This research is empirical in nature. It basically evaluates the subject matter over a period of time to draw inference for decision making and conclusion. In other to achieve the objective of this study, the annual reports for the period 2012-2016 were evaluated. This is based on the availability and accessibility of annual reports. However, the use of simple random sampling method is to eliminate biases in the choice of any company selected to constitute the sample and to give the same opportunity to every component of the population selected (Oaikhenan & Udegbunan, 2004 cited in Ibadin & Afensimi, 2015). A total sample size of 44 listed companies was analysed. This constitutes 25% of the entire population. However, this is coherent with the premises of Krejcie & Morgan (1970) that states it is appropriate to use a minimum of 5% sample size to represent the entire population when a generalization is to be done. The ordinary least square regression approach with the use of Eviews was used to analyse the data.
Earnings management represents the explained construct in this study and earnings persistence approach would be engaged to measure it. Earning persistence is described as the steadiness and robustness of the current earnings approach (Atashband et al., 2014). The attributes of corporate governance represent the independent variable in this study. These attributes include board size, audit committee independence and organizational ownership structure. For the control variable firm size was employed and was analysed as the natural log of total assets. This paper adopted the model used by Supana (2014) on earnings persistence. The model attempts to capture both the dependent variable (earnings persistence) scaled by operating income and independent variables in one equation. In summary, the models to be tested in this study as expressed in econometric form as given in equations below.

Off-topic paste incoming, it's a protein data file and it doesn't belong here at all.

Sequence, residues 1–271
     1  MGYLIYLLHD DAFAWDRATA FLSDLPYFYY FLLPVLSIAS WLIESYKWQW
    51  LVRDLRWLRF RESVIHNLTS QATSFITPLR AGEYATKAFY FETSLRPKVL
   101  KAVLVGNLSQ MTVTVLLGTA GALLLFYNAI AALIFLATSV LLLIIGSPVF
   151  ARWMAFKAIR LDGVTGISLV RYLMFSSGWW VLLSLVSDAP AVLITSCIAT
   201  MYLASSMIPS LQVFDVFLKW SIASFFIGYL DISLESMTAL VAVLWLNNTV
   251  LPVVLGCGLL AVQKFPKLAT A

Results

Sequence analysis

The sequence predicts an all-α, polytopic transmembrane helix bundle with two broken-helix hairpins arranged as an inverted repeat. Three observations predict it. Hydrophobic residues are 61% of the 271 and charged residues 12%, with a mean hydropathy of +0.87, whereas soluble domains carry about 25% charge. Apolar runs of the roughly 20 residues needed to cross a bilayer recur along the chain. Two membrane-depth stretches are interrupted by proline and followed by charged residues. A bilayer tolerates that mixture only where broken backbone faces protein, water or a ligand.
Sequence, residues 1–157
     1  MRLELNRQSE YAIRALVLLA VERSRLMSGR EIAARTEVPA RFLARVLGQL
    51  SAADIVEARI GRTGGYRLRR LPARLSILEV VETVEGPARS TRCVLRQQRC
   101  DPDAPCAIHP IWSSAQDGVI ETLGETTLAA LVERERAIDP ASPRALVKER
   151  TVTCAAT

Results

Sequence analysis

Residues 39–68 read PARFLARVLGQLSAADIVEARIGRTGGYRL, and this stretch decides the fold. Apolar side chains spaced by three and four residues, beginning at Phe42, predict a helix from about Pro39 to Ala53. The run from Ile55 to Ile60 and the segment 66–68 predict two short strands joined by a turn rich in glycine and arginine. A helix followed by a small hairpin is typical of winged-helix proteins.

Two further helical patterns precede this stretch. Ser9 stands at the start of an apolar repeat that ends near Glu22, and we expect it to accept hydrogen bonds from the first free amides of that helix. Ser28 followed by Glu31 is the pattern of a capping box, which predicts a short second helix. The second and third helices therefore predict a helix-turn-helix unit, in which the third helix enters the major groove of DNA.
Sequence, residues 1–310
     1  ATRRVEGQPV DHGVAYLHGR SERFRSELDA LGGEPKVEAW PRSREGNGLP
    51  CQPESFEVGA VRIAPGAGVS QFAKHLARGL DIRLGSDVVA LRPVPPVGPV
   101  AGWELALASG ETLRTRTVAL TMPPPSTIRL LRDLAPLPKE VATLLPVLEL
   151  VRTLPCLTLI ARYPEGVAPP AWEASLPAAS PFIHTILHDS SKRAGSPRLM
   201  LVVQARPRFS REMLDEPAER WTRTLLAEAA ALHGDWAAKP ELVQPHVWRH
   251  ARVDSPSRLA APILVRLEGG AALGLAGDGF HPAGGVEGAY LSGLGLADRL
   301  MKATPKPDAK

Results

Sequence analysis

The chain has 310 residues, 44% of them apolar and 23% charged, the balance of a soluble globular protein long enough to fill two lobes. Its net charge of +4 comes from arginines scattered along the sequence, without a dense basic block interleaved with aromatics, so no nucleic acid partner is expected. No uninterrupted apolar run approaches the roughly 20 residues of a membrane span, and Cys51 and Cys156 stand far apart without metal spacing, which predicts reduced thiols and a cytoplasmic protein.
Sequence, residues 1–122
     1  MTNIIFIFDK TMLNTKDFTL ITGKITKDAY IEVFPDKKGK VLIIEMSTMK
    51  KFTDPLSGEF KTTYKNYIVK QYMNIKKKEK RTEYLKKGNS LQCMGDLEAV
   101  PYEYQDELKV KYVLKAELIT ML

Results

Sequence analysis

This is represented in functional form as follows:
EAR=f (BOARD SIZE, AUDIT COMMITTEE, OWNER STRUCTURE, FIRM SIZE) (1)
This further express in econometric form as:
EARPer=Earnings Persistence is derived by scaling operating income to total asset.
LogFSize=Natural log of Total asset.
In this study, the achievement of the research objectives involved the application of statistical approaches which include; correlation analysis, descriptive statistics as well as regression technique to evaluate the data.
Table 1 represent the statistical description of the variables used in the analysis which provides explanation for the spread, maximum, minimum, range, mid values and normality of the variables. The board size mean value (BOARD_SIZE) is 10.95, audit committee independence (AUDIND) is 0.500455, and ownership structure (OWNSTR) is 0.69058. However, the maximum value of 20 was associated with board size and the minimum value of 6. This reveals quite a large variation and it’s reflected in companies’ board size degree of variability. Board size (BOARD_SIZE) was tilted to the right with a value of 0.413107 and is commonly distributed at 9.030864. The positive kurtosis represents a data-set with high peak close to the mean. This implies that the data used for the computation of the mean are heavilytailed to the sample size used for this study making the distribution results reliable. The mean values of all the explanatory variables are positive which means the increase in mean could affirm the positive effect the collective corporate governance variables tested have on earning management.
|Sum Sq. Dev.||2140.45||0.009955||5.625713||1422.925||172.4981|
Source: Researchers computation (E-VIEWS 7) 2018.